No doubt this season, fun and unusual cocktails are “in,” and home gardeners are thinking about the challenge of growing plants, herbs and spices that, with a little imagination and some homework, can become delightfully tasty and attractive adult beverages to share with friends and family.
Those of us who have grape vines, or healthy apple and pear trees in the garden, may have tried our hand at making wine and hard ciders. Some with access to barley and hops make beer, often from commercially available kits. UC Davis Extension offers lots of videos online and programs about wine and beer making, but for those really serious about brewing and distilling, there is a rigorous master brewers program that prepares students for the IBD DBE — the Institute of Brewing and Distilling, London, diploma in brewing examination.
Perhaps the challenge of growing barley to distill scotch, corn to make bourbon, potatoes and grains for vodka and gin, sugarcane for rum and agave for tequila is a bit impractical for the average home gardener, not to mention the legal and safety issues of distilling at home.
But, put on the hat of the mixologist instead of the brewer and distiller and the list of edible herbs and flowers that you can grow to garnish cocktails, flavor syrups to add sweetness and interest, or use to infuse additional flavors into distilled beverages, is almost endless. Your creativity — and knowledge of what is edible or not — are your only limitations.
Try some of these herbs, easily grown in your garden — angelica, anise hyssop, basil, cilantro, dill, fennel, lemongrass, lemon verbena, mint, pineapple sage, rosemary, sage, savory, scented geraniums or pelargoniums and thyme. To release the essential oils of those plants in the mint family, such as spearmint, basil, sage and anise hyssop, don’t muddle them. Place leaves in the palm of your hand and slap your hand once or twice. You’ll release the aromatics without bruising the leaves, and look like you know what you are doing in front of your friends!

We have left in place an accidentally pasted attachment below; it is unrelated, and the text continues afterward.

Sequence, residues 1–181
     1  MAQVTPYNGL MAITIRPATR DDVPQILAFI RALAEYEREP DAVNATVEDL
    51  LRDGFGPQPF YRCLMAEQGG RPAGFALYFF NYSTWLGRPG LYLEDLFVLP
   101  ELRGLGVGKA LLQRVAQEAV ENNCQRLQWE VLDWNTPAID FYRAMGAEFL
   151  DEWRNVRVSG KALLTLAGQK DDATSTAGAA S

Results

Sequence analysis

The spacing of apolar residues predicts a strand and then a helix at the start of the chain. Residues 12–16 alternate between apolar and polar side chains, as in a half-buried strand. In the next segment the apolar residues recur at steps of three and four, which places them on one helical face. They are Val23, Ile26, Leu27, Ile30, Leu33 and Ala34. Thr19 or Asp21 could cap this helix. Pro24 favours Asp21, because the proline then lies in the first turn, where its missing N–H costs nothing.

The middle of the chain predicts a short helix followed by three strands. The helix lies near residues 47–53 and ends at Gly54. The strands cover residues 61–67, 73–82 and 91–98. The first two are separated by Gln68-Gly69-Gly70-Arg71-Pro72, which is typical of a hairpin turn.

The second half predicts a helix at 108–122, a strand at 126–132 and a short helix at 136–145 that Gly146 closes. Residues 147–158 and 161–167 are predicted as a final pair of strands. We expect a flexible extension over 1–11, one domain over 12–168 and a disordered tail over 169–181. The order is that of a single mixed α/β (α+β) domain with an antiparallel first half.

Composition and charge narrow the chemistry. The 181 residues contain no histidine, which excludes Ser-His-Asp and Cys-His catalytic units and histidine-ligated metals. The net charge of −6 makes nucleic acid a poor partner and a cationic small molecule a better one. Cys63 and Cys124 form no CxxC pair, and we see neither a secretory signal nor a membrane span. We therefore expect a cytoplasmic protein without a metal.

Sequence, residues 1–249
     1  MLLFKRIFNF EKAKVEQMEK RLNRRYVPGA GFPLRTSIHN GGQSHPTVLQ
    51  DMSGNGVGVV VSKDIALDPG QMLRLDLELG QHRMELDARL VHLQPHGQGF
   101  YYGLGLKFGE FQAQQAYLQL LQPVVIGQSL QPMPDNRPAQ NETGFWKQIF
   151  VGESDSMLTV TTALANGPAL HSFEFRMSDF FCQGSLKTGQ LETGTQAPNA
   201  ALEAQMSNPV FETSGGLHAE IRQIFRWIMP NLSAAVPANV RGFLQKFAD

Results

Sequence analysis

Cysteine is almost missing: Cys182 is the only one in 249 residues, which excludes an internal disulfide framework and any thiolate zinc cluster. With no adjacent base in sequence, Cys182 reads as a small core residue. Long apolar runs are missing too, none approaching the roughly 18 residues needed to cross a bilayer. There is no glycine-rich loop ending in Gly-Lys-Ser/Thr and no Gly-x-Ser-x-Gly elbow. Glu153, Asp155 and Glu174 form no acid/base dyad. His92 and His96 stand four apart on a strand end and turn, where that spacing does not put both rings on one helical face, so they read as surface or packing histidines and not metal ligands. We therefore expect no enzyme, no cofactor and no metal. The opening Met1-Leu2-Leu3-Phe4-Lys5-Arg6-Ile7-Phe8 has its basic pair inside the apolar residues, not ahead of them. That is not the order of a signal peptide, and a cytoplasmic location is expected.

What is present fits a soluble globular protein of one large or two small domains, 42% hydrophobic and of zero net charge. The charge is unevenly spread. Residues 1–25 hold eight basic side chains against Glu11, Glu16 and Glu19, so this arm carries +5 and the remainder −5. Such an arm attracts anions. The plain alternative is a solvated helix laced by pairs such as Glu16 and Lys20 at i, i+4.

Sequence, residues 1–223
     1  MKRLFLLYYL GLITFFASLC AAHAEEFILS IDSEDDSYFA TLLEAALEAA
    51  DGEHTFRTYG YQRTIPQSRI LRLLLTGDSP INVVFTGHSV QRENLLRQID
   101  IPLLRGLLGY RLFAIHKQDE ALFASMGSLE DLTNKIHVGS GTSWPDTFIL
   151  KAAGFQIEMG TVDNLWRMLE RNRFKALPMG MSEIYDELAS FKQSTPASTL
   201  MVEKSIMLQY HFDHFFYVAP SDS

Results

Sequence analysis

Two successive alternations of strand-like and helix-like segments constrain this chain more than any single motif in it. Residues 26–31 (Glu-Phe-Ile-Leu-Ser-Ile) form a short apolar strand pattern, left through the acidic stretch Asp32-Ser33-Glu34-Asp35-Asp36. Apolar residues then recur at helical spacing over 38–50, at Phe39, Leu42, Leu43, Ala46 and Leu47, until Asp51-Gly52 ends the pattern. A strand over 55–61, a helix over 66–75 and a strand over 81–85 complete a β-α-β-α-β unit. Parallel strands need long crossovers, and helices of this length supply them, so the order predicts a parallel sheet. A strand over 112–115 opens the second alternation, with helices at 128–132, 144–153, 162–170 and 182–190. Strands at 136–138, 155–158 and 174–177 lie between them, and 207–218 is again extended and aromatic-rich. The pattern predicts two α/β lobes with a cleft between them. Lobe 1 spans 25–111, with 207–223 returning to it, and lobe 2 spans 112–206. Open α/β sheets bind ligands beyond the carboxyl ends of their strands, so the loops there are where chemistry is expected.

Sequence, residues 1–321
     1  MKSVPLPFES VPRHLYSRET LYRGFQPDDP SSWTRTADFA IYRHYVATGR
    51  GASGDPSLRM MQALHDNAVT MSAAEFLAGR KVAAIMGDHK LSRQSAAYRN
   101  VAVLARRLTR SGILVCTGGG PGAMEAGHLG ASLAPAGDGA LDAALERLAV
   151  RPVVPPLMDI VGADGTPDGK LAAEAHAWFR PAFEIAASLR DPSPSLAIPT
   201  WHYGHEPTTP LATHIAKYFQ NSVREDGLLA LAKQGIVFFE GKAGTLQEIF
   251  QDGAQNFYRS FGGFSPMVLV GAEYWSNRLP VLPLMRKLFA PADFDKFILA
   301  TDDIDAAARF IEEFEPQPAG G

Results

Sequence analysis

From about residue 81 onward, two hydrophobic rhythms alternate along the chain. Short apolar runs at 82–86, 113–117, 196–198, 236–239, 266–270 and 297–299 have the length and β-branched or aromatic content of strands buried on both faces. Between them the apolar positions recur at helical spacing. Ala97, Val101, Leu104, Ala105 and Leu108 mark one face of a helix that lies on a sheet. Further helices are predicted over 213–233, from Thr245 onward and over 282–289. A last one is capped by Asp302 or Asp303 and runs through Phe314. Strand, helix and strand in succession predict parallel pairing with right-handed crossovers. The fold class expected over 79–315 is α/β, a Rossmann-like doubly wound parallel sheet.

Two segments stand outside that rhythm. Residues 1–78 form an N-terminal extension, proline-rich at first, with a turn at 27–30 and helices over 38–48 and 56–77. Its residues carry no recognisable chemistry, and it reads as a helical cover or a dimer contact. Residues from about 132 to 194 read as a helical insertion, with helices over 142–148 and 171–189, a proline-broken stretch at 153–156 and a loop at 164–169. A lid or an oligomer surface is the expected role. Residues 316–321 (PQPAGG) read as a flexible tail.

Some flowers safe to add color and flavor to your cocktails and infusions are borage, calendula, elderflower, honeysuckle, jasmine, lavender, marigold, nasturtium, roses, viola and violets. Try freezing some of these in ice cubes as well.
Of course, there are the trees — apple, apricot, cherry, fig, lemon, lime, lychee (cold-sensitive), olive, orange, peach, plum, pear and pomegranate (for a great homemade grenadine). Don’t forget vines and berries — blackberry, blueberry, currant, hops, raspberry and sloe berry, nor fruits and vegetables, such as asparagus, green beans, celery, cucumber, melon, miracle fruit, peppers, pineapple, rhubarb (stalks only), strawberry, tomatillo, cherry tomatoes and watermelon.
Gin is a favorite spirit of mine. It is basically a vodka made from barley, rye (and perhaps a little wheat or corn) and flavored with juniper berries. Other ingredients common in gin are lavender, cardamom, ginger, coriander, citrus peel; you might want to add some flavors of your own — it just takes imagination!
Speaking of which, I went in search of a gin that I had heard was intended to capture Mount Tamalpais in a bottle. Lance Winters, master distiller at St. George Spirits in Alameda, wanted to make a line of terroir-inspired gins. His Mt. Tam gin incorporates the aromas and tastes of Douglas fir, coastal sage, bay laurel, wild coastal California juniper berries and coyote mint.
Hopefully, this has inspired you to consider planting your own cocktail garden. According to the book “The Drunken Botanist,” by horticulturist Amy Stewart and speaker at California statewide Master Gardener conferences, “every great drink begins with a plant.”